Corinthian Colleges Inc., which operates a chain of for-profit schools and is now facing hundreds of lawsuits alleging fraud, has enjoyed the support of major Wall Street investors, particularly Wells Fargo.
The operator of nearly 100 private colleges has more than 200 lawsuits pending against it, including a case brought by California’s attorney general claiming fraudulent marketing practices aimed at recruiting students. The company was one of 30 for-profit college operations profiled in a scathing report (pdf) by U.S. Senator Tom Harkin (D-Iowa).
Despite its legal troubles, Corinthian counts Wells Fargo and other leading banks as major investors. Wells Fargo is by far the biggest shareholder in the company, with 11.6 million shares.
An investigation by Huffington Post revealed that at least one Corinthian school, Everest College in Decatur, Georgia, paid contractors to hire graduates on a temporary basis in order to boost the school’s job-placement numbers.
Those hired were then let go after about a month on the job, with no further employment services provided by the school, which later went out of business. But not before Everest and other Corinthian schools reaped billions of dollars in federal student aid—as much as $10 billion in a decade, which provided more than 80% of the corporation’s revenues.
California Attorney General Kamala Harris has accused Corinthian of utilizing numerous fraudulent marketing techniques, including inflated job-placement rates, to lure students into its programs.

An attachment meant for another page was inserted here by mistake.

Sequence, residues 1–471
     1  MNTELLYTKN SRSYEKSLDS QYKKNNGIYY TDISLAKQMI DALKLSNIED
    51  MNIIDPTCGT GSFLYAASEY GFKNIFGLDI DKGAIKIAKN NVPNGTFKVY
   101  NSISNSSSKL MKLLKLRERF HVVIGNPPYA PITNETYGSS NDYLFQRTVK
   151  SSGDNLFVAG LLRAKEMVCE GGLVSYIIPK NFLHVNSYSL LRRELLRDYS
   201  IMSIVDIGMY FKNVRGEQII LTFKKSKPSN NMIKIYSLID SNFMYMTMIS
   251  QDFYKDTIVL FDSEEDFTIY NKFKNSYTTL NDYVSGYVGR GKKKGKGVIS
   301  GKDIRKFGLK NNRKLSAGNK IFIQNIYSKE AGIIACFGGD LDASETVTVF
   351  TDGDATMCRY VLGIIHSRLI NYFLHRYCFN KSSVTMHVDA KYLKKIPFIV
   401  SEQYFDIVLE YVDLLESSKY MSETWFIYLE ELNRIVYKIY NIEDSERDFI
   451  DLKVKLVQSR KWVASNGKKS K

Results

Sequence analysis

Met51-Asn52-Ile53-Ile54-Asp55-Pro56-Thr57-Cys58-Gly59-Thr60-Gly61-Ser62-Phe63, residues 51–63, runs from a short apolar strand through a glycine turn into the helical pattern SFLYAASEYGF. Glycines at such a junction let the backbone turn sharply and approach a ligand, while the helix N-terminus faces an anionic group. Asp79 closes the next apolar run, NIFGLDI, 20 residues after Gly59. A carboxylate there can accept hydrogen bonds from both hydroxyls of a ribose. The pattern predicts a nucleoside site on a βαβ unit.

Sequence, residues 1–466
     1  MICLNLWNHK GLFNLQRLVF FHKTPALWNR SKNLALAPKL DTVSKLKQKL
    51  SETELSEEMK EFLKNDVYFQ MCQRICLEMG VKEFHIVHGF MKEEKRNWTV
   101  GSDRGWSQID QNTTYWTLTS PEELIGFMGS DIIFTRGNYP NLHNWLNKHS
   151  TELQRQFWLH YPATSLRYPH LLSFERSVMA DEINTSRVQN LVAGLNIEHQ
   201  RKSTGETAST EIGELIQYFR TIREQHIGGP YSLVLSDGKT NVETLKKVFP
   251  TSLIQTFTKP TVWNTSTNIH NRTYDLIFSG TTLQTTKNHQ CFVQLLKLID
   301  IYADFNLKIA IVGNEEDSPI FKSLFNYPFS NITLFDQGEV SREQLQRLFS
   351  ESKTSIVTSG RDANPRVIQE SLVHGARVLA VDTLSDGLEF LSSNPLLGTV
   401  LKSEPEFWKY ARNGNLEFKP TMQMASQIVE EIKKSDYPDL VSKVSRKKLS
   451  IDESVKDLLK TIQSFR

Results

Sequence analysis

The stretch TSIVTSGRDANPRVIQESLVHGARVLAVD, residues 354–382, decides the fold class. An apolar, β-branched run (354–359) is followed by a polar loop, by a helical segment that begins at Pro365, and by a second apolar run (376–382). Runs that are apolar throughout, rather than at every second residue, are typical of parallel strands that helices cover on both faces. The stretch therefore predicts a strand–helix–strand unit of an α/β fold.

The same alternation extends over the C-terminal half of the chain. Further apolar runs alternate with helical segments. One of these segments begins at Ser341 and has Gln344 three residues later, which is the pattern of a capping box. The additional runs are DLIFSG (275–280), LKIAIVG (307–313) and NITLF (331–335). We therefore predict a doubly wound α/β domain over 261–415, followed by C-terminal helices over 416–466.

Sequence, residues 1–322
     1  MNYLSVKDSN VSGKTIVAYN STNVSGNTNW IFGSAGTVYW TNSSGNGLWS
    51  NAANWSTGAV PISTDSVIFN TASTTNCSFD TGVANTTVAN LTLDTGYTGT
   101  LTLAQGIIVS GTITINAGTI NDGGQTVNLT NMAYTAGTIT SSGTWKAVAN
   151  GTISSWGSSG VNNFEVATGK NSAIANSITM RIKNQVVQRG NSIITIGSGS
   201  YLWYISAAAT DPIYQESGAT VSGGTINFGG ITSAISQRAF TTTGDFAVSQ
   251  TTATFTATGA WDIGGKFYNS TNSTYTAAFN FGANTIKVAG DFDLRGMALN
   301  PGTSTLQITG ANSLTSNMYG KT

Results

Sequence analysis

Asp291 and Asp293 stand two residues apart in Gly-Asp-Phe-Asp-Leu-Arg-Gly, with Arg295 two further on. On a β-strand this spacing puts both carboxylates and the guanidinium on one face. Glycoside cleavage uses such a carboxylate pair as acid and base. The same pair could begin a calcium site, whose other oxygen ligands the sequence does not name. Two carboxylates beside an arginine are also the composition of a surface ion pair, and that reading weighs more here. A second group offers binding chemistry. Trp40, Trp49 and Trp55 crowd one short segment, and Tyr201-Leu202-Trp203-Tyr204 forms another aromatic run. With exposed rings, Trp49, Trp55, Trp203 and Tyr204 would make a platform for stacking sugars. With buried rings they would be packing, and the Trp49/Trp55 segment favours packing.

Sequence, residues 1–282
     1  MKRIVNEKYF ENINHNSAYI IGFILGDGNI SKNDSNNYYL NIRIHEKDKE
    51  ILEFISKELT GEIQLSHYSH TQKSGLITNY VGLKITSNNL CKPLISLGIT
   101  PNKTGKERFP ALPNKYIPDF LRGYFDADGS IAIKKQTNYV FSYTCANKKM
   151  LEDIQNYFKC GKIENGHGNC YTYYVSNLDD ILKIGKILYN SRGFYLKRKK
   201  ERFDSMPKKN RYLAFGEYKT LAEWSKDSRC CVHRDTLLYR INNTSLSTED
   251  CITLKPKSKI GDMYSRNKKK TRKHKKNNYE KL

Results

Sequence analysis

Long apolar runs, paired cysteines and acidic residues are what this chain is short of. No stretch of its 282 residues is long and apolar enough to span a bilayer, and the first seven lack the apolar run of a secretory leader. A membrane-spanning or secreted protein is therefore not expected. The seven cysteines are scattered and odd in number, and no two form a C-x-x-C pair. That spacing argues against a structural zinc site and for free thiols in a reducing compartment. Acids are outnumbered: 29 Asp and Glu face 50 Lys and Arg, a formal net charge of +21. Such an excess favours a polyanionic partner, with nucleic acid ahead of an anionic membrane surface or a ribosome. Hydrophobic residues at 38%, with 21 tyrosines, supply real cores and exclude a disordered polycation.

The state’s lawsuit claims that Corinthian—which charges more than $40,000 for tuition and related fees—targets single parents who are close to the poverty level, a demographic that its internal documents describe as “composed of ‘isolated,’ ‘impatient,’ individuals with ‘low self-esteem,’ who have ‘few people in their lives who care about them’ and who are ‘stuck’ and ‘unable to see and plan well for future,’ through aggressive and persistent internet and telemarketing campaigns and through television ads on daytime shows like Jerry Springer and Maury Povich.’ ”
Former employees at Corinthian “described a culture of data manipulation inside the company, one where hitting monthly employment targets took priority over finding quality positions for students,” Chris Kirkham wrote at Huffington Post.
The Santa Ana-based company and its subsidiaries—Everest, Heald and WyoTech—have 24 campuses in California, 111 total campuses in the United States and Canada and three online programs. About one-third of its 81,000 students are in California. It is the largest for-profit college company in the state. Corinthian, founded in 1995, was a pioneer in for-profit colleges and has assets of more than $1 billion.